On being told I had to get dressed before opening the blinds so he could see the sunshine: "You could do it naked."

On whining: "I don't wanna stop whining!"

On blatantly stealing my food:
"I really like how you share, Mom, it's very nice."

On being told by his father to remove his backside from the piano keyboard: "You're a tooty old fing."

On Santa: "What if Santa doesn't come to our house?" "He will, he comes to every house." "But what if he doesn't?" "Santa's magic, and he goes to every single house on Christmas, so he'll come to our house, too." "But what if he DOESN'T?" "Well, I guess we wouldn't get any presents and would be very sad." "Oh. OK."


Merry Christmas to All!

Or rather, "Happy Seasonal Holiday Observance of Your Choice!"

We've been rather busy getting ready for the Big Day, and I have had some Blogging Issues (personal rather than technical), more about which I may write later. Or not, I am as yet undecided.

For anyone who's ever worked in, or wanted to work in, or envied the lazy bastards working in Marketing, this holiday gem was sent out by a local ad agency - speakers required, but it's definitely worth a listen.


People Behind the News

Diva wrote a piece about a news story involving someone she knew, which reminded me of a something that happened to a resident of my neighbourhood. A few years ago, a kid called Joe ran his car off the road in a remote area, and spent 8 days trapped in the wreckage before he was rescued. He made the local papers when he failed to arrive at his destination, and I really felt for his parents - hoping that I will never have to wait as they did, day after day, wondering if my child is still alive. Then he was found, miraculously alive after 8 days without food or water, seriously injured, trapped in the wreckage of his car. It was a pretty amazing story.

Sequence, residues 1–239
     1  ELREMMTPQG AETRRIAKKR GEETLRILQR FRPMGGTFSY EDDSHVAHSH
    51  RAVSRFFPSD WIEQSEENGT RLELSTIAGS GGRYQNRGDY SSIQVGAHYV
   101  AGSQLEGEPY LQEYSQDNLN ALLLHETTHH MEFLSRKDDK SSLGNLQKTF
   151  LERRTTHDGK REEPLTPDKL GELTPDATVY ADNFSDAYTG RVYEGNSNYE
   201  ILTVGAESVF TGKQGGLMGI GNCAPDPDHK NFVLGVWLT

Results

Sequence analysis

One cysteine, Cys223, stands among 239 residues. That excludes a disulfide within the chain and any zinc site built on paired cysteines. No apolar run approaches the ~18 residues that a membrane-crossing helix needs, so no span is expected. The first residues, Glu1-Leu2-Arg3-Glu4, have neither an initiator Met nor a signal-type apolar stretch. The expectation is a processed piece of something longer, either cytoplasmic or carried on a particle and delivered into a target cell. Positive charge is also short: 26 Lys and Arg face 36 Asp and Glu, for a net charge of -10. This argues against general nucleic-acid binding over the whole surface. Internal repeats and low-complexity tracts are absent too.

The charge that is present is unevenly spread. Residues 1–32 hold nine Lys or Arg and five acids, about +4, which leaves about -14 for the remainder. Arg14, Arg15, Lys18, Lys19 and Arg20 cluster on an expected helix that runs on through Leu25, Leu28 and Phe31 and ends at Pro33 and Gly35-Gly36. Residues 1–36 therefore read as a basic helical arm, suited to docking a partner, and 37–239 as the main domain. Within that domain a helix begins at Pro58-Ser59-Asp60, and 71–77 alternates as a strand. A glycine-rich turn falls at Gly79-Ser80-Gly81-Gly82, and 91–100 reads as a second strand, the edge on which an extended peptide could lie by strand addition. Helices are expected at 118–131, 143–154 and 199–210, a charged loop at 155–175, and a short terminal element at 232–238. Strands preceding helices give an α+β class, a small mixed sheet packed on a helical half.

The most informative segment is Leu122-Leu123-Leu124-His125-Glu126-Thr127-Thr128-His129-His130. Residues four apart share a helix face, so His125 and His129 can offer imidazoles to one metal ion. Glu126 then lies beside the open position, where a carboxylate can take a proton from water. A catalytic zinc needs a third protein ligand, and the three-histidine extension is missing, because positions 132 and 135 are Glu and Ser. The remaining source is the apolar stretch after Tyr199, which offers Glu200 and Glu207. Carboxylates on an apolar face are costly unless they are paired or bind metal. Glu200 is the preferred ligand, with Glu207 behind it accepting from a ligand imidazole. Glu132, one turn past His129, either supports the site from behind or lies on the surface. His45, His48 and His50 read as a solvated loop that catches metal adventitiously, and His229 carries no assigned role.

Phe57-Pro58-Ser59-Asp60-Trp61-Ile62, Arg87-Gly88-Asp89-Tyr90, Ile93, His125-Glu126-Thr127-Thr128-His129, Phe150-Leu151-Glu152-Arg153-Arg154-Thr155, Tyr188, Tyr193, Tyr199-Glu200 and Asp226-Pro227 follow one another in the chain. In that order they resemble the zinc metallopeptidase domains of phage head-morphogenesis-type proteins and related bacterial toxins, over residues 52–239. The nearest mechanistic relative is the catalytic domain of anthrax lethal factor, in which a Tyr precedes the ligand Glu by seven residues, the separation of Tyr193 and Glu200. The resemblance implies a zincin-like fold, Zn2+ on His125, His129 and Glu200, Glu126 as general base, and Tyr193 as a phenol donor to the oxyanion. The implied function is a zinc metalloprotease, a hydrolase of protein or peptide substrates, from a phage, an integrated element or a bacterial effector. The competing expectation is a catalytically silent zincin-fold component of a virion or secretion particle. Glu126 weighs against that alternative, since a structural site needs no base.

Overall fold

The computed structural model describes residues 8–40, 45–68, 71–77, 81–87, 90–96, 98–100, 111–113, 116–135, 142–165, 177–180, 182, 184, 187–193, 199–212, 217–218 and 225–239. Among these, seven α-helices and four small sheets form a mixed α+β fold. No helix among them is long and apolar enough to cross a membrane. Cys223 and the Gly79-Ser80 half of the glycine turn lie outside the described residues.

And every time I go grocery shopping, there he is. He's the guy who bags my groceries, and rounds up the carts in the parking lot. A nice guy, he always has a cheery smile for the kids. And I wonder, whenever I see him, what it must have been like. And I know I'll never ask him, although I'm sure lots of others have.

And I wonder about all the other people who make the news - what must it be like, to have so many people know so much about a very small piece of your life. And I hope I never find out. Because people rarely make the front page for happy reasons.



I am, at the moment, completely and utterly lacking in motivation. I
have just been taken to task for a situation about which I know
nothing and over which I have absolutely no control, by the president
of the company. Not a particularly good feeling.

I inherited the problem when my boss, who is out of town this week,